Sadly this surge in homelessness comes just after a period when the problem was finally getting under control. One study by the Interagency Council on Homelessness found a 12 percent decrease in overall homelessness when comparing 2005 to 2007 data. That same time period also reveals a staggering 30 percent decrease in chronic homelessness (defined as being homeless for either over a year or for multiple stints).

In 2000, the National Alliance to End Homelessness crafted their landmark Ten Year Plan to End Homelessness. With successful bipartisan funding, 355 Ten Year Plans have been put into action nationwide.

Such plans, and a strong economy, accelerated the recent gains in the fight against homelessness. But the surge in newly homeless and shrinking budgets now threatens to reverse the progress.

New York City’s municipal shelter systems have seen record-setting increases over the past three months, according to the City’s Department of Homeless Services, but deep cuts loom ahead. Already, the city’s current budget includes a 3 million dollar decrease in outreach funding.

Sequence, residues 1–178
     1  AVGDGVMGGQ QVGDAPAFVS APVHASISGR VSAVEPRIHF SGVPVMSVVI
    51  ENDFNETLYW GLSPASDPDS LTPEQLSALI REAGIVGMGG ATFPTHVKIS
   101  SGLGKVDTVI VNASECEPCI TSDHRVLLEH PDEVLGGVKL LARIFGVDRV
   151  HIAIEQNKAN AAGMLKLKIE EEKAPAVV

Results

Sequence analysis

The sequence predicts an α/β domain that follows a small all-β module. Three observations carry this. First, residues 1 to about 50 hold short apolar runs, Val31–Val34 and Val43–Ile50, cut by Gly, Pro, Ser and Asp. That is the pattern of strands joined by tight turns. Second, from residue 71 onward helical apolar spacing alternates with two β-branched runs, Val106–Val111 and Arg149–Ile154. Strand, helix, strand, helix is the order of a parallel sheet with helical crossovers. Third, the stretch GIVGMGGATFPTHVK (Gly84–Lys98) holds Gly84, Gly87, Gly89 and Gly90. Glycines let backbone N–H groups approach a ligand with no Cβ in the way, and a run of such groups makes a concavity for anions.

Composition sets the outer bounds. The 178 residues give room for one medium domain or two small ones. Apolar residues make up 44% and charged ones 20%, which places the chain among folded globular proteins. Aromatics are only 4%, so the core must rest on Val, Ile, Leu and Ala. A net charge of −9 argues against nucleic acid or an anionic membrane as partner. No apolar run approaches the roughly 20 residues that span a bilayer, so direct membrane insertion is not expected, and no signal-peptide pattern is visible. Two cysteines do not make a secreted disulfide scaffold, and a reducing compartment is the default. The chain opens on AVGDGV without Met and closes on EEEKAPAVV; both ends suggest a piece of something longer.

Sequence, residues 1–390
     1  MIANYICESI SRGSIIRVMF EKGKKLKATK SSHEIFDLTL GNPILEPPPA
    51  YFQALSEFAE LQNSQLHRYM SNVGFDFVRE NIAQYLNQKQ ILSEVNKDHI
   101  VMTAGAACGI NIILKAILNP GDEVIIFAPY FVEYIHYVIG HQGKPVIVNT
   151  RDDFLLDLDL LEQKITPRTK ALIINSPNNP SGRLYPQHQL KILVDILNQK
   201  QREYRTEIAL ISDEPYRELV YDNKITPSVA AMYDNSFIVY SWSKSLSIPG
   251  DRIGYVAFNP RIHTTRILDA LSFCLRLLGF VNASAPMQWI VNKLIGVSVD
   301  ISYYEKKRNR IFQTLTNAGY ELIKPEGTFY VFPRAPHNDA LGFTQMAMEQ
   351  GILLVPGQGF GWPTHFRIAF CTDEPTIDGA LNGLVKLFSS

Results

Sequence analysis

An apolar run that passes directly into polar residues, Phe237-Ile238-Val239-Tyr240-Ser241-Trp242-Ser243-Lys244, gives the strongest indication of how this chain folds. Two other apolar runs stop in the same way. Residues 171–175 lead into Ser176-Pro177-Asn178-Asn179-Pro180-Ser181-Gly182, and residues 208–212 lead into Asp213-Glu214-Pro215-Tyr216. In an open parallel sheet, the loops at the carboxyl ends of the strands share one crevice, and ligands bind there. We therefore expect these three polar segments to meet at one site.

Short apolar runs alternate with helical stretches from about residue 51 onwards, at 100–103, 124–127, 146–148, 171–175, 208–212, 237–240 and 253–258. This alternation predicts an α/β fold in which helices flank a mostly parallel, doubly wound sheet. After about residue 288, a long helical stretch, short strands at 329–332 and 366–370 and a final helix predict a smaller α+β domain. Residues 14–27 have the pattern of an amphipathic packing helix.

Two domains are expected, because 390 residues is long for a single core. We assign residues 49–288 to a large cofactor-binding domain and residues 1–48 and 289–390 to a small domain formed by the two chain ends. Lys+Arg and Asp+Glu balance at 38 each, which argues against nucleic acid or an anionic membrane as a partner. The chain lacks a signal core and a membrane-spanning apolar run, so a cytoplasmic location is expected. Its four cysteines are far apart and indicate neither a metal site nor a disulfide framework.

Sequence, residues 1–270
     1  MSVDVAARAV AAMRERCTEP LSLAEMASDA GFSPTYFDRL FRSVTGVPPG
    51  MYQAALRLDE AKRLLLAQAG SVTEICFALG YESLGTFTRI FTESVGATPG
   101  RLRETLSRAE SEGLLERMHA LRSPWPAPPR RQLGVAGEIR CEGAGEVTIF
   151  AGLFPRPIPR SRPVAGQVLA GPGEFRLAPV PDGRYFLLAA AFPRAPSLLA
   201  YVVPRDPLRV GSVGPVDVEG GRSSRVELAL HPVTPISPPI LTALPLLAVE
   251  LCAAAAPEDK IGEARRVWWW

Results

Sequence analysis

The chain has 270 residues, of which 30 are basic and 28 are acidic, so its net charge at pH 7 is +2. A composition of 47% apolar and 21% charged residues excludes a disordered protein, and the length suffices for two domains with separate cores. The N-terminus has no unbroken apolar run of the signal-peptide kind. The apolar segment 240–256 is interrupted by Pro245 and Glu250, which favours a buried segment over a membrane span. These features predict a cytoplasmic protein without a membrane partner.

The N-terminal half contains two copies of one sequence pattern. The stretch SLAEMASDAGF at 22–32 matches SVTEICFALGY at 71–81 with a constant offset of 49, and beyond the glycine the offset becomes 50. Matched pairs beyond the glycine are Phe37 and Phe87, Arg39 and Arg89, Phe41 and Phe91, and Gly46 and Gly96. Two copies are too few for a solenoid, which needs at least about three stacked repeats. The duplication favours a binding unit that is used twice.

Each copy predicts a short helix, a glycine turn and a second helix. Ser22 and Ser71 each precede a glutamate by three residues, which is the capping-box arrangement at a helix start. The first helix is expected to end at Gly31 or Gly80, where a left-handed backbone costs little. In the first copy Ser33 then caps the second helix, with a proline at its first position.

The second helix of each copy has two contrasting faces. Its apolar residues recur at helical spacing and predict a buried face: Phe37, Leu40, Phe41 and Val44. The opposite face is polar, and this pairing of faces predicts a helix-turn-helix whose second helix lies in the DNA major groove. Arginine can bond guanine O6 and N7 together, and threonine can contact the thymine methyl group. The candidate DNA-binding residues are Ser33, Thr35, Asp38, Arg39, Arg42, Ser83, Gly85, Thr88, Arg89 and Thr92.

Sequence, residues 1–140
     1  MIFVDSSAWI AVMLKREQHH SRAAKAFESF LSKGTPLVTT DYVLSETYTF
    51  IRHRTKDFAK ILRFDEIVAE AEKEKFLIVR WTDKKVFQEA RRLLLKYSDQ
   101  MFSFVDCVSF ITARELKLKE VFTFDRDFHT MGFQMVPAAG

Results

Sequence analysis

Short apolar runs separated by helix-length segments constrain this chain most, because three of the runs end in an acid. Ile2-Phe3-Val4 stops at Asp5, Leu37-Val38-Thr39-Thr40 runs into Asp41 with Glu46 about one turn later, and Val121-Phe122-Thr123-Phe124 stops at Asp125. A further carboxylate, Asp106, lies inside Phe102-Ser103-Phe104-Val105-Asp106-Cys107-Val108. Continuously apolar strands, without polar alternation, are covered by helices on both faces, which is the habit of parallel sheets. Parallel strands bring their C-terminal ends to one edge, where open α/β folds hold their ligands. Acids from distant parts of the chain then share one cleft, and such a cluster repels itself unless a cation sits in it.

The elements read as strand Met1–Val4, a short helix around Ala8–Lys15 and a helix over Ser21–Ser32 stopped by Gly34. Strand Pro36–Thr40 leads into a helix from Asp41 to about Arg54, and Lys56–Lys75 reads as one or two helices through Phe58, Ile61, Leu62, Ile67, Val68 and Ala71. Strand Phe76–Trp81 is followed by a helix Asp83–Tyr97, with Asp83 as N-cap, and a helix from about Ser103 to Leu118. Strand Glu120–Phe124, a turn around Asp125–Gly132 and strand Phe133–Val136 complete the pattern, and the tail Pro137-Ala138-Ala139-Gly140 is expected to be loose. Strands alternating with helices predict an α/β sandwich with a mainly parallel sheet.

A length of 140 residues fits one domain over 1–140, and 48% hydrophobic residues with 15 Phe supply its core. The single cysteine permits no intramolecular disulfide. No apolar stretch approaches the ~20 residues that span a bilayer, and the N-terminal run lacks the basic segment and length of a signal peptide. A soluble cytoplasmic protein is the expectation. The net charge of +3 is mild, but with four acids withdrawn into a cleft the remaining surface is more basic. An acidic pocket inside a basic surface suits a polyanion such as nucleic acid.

Denver plans to slash nearly a fourth of its funding for homeless initiatives at a time when the city reports a 38-percent increase in homelessness over the past year (Denver Post).

This situation will get much worse. A 20 percent increase of urban homelessness has been projected by the Interagency Council on Homelessness for 2009. Escalating homelessness and looming funding cuts create conditions for a renewed homeless crisis.

In the past debate has focused on the mentally ill and substance abusers, but the new homeless represent different phenomena. President-elect Obama has the responsibility to increase assistance to the degree that reflects the expanding problem. Washington seems all too willing to prop up the corporate players of the American economy, but let us not forget about the hardest hit by these times. Swift action must be taken to assure that the problem of the new homeless becomes no more than a historical footnote – to assure that we as Americans can look back with pride knowing that even during our hardest hour, all were cared for.